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Rambo III (1988)

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Score: 7/10

Genre: Action Running Time: 1 hr. 42 min.

Release Date: May 25th, 1988 MPAA Rating: R

Director: Peter MacDonald Actors: Sylvester Stallone, Richard Crenna, Kurtwood Smith, Spiros Focas, Marc de Jonge, Sasson Gabai

“R

ambo III” is a largely forgettable film, but it does outdo its immediate predecessor, “Rambo: First Blood Part II,” as well as manage to be a highly entertaining action film – at least, during the course of watching it. Unnecessarily dramatic at times, though bubbling over with nonstop action, explosions, mayhem, and snappy one-liner rebuttals to sneering villains, “Rambo III” is about as decent as it gets for mindless fun. It’s the kind of schlock that requires absolutely no strain on the brain.

Col. Sam Trautman (Richard Crenna) attempts to recruit John Rambo (Sylvester Stallone), now residing in Thailand, to assist in an operation to provide aid to Afghanistan freedom fighters. Of course, Rambo refuses, as he’s no longer a military man, leaving Trautman to embark without him. In short time, word reaches Rambo that Trautman’s unit was ambushed by the Soviets and the colonel was taken prisoner. “Something went wrong,” explains Griggs (Kurtwood Smith). Knowing that Trautman would come after Rambo if their positions were reversed, the highly trained veteran deploys to Peshawar, Pakistan, near the Afghanistan border, to rescue his former commander.

An action junkie’s guilty pleasure and total viewer escapism rolled into one, “Rambo III” provides plenty of destructive, antihero energy. The titular he-man capably relieves Russian scoundrels of their smirks with detonators, rocket launchers, tanks, and anything else he can commandeer. While Stallone’s acting is only mediocre (so bad, according to many, that it garnered a Razzie nomination), his substandard performance is in part due to the overly sarcastic and smarmy dialogue (sadly, written by Stallone), and the idea that Rambo has become little more than a Terminator who marches into heavily fortified bases to wreak havoc on the unsuspecting Kremlin.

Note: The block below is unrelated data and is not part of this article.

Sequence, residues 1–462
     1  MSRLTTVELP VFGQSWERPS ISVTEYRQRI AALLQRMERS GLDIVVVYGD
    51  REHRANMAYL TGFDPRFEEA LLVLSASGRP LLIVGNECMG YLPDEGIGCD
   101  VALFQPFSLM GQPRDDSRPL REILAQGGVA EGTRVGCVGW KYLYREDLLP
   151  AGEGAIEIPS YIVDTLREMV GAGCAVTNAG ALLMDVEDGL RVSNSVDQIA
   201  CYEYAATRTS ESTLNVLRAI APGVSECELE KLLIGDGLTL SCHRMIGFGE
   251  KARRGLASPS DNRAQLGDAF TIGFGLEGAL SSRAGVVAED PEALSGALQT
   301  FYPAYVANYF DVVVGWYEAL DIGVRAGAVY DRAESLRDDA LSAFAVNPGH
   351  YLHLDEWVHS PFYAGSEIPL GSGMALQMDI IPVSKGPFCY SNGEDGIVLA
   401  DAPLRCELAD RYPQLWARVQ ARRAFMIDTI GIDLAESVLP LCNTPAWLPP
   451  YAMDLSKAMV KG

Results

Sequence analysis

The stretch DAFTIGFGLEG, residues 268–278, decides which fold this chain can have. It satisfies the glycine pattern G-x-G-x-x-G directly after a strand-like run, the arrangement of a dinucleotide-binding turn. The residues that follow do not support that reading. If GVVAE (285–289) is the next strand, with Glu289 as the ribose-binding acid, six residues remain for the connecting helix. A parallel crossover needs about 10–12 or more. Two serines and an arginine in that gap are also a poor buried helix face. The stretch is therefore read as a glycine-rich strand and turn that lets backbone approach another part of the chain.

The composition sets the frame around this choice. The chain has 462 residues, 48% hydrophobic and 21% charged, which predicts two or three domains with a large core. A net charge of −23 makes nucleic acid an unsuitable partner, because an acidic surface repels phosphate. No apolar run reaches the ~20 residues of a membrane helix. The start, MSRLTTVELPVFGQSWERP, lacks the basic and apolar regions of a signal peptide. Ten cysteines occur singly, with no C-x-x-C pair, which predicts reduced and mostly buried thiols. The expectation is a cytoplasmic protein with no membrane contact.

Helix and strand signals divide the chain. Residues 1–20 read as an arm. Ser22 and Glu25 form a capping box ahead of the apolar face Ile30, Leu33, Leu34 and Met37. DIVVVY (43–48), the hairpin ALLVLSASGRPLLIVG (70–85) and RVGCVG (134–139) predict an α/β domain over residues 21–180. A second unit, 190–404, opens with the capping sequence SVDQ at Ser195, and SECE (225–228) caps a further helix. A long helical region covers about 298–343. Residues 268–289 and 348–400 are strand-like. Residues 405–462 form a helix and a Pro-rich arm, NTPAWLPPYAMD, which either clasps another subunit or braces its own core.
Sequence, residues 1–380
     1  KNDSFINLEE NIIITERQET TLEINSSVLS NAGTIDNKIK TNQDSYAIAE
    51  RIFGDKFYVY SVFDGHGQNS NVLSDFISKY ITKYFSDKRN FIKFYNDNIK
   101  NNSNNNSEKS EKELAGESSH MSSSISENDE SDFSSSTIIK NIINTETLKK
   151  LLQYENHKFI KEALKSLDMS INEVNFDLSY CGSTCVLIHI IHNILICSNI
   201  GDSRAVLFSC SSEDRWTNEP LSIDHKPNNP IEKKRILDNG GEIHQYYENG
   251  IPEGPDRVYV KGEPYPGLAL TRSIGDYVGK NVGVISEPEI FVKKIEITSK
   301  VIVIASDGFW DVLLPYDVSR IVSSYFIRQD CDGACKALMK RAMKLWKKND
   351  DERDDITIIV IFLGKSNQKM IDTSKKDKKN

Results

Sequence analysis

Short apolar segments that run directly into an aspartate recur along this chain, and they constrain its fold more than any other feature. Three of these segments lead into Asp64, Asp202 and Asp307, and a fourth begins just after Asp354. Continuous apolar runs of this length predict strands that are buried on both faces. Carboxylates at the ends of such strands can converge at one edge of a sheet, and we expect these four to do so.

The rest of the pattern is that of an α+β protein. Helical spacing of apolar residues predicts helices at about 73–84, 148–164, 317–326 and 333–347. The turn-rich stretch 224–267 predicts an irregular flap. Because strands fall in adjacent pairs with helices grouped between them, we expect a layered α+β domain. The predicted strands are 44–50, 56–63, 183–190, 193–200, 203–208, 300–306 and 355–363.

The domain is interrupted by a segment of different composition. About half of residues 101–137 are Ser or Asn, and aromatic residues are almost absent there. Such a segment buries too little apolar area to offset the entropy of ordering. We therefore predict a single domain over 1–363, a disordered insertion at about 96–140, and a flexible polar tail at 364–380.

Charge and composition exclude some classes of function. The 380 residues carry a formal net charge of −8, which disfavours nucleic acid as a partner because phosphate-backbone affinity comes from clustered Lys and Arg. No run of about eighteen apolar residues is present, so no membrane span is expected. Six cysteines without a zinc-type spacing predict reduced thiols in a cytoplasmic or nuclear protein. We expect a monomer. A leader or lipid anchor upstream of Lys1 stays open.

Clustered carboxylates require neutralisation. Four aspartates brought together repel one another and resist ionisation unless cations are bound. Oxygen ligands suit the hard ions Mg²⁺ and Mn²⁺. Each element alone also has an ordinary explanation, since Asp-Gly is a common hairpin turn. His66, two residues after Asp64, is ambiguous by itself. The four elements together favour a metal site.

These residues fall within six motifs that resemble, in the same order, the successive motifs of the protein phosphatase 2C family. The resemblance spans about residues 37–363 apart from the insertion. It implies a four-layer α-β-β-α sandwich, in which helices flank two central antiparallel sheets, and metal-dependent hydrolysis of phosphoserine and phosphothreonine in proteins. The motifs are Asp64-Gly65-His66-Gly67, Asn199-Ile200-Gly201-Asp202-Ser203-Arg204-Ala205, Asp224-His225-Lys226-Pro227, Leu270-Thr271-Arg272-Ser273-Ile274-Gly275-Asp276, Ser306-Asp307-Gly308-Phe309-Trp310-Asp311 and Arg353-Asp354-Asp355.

Should viewers condemn a hero who shows no weakness, no Achilles heel? “Who is this man? God?” asks Colonel Zaysen (Marc de Jonge), the Soviet leader who mercilessly tortures Trautman and sports a permanent scowl emblazoned on his face. “No,” replies the overconfident Trautman. “God would have mercy.” When Rambo cauterizes a metal shard wound in his right oblique, through the use of gunpowder and flames, it’s obvious he’s one tough hombre. Against all odds, he continually combats the enemy (injured or not) and goes back for a second rescue attempt, even when there’s no one left to help him. A combination of good luck, great weaponry, unlikely conveniences, and astonishingly good timing also comes in handy.

Dealing with the Cold War, much like 2007’s “Charlie Wilson’s War,” except without all the blatant comedy, “Rambo III” actually consists of several educational (perhaps politically incorrect) foreign policy ideas – and a rousing game of dead sheep football. But this is quickly overshadowed by a Soviet assault that gives rise to grand action sequences and dangerous stunts. The first attack on the enemy base is spectacularly thrilling, followed by the equally impressive pre-showdown in the underground caverns and the final all-out onslaught by the remaining USSR forces. The action sequences are some of the best of the ‘80s, though they routinely sacrifice grace for grandiosity.

If critics were to rate a film based on how sensational the main antagonist’s death is, along with the main henchman (much like most James Bond films), then “Rambo III” would rank quite high indeed. When a cinematic good time calls for daring aircraft escapes, defiance in the face of persecution, bravery while being grossly outnumbered, machinegun fights, missile attacks, rocket launcher assaults, Asian stick fights, explosive bow-and-arrow ambushes, tank melees, large-scale battles, and playing chicken with a combat helicopter, “Rambo III” fits the bill. It’s a satisfyingly action-packed B-movie dalliance.

– The Massie Twins

 

 



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